In a data analysis that underscores the importance of employer-sponsored retirement plans, the Center for Retirement Research has said that the lack of such coverage for private sector employees is “the main reason that U.S. workers end up with inadequate retirement savings.”
The report said that only about half of private sector employees are covered by a defined benefit plan and/or a defined contribution plan, in contrast to the federal employment package, which features both types for virtually all employees—the FERS or CSRS annuity in the former category and the TSP in the latter.
The percentage of those covered in the private sector has been about flat over the last 20 years, it added, but in that time there has been a shift away from defined benefit plans toward defined contribution plans, with a resulting shift in much of the financial obligation for retirement security from the employer to the employee.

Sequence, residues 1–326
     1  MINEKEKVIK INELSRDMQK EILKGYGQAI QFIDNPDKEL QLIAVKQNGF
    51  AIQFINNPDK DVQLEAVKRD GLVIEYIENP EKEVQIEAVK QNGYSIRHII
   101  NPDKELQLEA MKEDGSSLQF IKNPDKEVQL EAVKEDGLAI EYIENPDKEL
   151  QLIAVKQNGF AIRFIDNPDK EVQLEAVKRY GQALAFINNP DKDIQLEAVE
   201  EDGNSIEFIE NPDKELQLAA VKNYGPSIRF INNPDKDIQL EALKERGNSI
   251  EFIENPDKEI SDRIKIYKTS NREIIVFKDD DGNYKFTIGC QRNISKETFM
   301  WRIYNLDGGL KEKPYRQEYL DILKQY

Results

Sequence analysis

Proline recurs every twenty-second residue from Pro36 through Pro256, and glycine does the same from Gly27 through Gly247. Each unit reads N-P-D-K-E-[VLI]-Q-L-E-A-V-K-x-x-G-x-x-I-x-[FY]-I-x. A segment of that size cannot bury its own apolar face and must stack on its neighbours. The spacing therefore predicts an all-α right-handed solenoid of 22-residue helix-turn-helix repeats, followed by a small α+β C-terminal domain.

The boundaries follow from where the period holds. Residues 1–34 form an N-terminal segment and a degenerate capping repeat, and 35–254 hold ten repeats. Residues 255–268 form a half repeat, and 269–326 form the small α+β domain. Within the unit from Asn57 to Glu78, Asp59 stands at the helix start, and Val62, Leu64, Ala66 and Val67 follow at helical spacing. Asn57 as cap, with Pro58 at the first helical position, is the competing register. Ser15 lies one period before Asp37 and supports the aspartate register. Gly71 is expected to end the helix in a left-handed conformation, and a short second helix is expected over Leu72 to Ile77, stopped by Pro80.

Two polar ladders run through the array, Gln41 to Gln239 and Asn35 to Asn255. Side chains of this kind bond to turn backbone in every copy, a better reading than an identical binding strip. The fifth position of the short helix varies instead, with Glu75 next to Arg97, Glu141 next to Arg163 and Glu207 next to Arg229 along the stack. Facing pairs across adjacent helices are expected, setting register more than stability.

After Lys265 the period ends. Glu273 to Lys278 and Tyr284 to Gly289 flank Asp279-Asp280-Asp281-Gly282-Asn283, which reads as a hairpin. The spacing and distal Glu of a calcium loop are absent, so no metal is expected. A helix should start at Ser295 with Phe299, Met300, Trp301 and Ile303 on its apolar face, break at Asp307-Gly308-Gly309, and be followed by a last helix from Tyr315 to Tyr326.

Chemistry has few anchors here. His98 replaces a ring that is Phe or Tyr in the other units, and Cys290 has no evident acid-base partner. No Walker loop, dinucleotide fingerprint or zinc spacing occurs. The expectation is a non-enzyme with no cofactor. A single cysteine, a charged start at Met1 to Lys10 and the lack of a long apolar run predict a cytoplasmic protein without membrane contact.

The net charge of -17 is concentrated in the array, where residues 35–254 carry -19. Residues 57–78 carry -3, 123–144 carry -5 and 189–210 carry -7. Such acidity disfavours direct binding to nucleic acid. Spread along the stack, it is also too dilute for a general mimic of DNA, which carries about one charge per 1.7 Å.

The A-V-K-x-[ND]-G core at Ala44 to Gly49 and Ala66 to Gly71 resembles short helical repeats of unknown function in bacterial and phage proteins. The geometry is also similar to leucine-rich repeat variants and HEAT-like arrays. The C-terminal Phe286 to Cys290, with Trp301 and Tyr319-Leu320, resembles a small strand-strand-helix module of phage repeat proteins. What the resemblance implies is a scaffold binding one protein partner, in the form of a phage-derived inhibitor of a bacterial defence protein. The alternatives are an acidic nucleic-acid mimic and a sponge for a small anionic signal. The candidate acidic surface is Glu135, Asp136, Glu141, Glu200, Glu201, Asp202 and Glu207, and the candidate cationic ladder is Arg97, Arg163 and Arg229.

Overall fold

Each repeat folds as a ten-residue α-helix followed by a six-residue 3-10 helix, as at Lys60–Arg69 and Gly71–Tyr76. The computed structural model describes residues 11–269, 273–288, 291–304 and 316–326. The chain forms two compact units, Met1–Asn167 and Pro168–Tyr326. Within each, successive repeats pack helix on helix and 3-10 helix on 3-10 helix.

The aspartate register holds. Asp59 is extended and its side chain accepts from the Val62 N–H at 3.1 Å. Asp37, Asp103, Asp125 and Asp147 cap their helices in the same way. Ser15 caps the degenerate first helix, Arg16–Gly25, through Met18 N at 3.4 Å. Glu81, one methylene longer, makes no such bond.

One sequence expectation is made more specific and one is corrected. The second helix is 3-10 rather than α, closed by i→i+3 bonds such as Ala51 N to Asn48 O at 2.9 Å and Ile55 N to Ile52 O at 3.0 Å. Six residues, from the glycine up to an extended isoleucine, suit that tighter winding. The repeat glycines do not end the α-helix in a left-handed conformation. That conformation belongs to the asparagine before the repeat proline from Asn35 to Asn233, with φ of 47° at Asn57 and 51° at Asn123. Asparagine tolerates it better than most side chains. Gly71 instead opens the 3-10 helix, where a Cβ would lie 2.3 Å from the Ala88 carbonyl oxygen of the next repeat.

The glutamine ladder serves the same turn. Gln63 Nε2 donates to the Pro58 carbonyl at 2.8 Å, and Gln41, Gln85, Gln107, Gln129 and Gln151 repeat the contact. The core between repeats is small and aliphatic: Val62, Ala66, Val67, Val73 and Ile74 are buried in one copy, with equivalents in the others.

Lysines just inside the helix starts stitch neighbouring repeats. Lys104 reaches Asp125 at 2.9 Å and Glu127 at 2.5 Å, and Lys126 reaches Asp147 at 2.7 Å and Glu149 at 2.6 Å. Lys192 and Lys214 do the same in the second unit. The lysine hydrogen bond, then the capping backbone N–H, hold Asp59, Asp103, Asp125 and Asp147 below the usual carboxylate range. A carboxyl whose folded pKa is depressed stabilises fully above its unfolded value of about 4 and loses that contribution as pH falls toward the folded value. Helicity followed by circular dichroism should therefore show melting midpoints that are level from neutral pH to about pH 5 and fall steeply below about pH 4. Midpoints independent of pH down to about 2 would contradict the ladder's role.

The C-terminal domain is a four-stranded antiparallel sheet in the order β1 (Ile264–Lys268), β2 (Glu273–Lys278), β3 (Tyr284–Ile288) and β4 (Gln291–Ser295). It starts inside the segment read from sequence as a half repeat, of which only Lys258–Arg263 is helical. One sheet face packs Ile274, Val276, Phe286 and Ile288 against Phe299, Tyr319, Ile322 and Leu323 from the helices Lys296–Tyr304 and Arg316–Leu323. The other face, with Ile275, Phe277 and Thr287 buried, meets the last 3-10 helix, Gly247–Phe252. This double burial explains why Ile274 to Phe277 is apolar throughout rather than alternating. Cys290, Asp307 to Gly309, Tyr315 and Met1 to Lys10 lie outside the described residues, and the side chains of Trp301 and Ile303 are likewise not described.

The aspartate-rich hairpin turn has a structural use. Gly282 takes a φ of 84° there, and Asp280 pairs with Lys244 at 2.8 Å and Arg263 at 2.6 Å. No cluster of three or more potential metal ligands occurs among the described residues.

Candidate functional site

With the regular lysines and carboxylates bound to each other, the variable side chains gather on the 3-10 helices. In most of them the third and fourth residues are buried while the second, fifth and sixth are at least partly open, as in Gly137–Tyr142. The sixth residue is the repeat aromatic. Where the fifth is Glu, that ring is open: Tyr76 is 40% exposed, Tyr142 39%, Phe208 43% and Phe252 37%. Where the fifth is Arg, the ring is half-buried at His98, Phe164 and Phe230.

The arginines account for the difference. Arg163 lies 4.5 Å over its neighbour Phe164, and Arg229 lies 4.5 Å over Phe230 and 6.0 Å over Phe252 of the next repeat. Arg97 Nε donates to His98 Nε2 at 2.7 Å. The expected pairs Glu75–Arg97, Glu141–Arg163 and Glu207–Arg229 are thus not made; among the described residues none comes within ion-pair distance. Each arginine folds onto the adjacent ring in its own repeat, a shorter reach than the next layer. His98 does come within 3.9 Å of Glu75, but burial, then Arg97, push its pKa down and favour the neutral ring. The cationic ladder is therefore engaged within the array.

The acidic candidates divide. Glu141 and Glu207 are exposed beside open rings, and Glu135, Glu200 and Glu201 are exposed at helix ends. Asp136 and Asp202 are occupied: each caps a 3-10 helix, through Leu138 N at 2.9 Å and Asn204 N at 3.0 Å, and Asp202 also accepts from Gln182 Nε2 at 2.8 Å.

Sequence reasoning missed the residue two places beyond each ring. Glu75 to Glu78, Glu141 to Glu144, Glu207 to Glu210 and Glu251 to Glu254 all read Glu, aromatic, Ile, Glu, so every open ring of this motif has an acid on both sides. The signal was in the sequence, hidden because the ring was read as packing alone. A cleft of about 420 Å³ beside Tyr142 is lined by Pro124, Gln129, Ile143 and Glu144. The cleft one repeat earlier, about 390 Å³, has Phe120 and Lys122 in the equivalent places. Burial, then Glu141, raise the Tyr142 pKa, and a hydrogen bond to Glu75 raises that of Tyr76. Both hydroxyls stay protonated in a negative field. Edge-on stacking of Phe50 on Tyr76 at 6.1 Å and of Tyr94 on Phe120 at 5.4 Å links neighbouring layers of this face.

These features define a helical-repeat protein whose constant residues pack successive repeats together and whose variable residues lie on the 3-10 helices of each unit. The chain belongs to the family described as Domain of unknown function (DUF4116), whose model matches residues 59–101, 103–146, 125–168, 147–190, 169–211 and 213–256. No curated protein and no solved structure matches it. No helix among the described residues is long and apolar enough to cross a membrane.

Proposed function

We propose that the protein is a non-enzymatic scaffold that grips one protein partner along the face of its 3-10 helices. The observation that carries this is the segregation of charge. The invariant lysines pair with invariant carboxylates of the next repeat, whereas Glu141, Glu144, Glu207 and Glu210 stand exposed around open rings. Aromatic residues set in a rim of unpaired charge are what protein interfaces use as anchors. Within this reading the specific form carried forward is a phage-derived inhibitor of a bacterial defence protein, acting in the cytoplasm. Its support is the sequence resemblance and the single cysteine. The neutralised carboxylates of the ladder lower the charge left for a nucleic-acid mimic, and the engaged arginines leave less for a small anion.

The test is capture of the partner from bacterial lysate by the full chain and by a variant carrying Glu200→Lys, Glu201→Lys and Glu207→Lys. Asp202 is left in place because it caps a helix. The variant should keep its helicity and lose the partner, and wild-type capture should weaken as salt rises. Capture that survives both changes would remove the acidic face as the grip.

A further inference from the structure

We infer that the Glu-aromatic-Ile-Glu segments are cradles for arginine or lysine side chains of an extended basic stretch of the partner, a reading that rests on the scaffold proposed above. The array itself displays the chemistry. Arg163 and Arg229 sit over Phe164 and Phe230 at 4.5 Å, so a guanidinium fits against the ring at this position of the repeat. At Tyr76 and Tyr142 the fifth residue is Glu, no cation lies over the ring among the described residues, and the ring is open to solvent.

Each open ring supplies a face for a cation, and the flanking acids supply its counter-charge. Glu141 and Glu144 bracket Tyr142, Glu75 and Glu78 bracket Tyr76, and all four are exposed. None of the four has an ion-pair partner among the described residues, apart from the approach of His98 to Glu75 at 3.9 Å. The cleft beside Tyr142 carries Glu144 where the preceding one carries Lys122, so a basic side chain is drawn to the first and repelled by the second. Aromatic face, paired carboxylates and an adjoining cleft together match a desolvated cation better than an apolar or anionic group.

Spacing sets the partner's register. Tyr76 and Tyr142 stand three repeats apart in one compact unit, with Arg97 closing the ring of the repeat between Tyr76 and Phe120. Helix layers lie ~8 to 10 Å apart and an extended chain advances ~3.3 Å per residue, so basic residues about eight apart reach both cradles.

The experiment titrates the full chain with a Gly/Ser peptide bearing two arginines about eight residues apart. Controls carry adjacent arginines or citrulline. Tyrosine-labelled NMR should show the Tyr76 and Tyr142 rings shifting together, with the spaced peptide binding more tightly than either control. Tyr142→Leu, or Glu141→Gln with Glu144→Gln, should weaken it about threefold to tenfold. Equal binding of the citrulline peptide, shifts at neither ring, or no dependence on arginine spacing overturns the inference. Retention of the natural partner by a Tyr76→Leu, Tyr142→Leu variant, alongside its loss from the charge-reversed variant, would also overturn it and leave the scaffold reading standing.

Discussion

“Workers can be uncovered in three ways: 1) their employer does not offer a plan; 2) their employer does offer a plan, but they are not included; or 3) they are self-employed,” it said. “The first group accounts for three-quarters of all uncovered workers. Initiatives to close the coverage gap generally focus on expanding coverage to the first group, but some also aim to eventually include the other groups.”
It noted that during that period the federal government has launched several initiatives to widen coverage, but those programs “have relied on the voluntary participation of employers and therefore have had little impact . . . Legislative proposals for mandatory programs are more likely the answer.”
What it Takes to Be a TSP Millionaire in Today’s Dollars
With a long enough timeline, involving consistent large contributions and decent long-term stock returns during the period, it’s possible to become a millionaire from compounding a middle-class or upper middle-class income, including most jobs in federal service.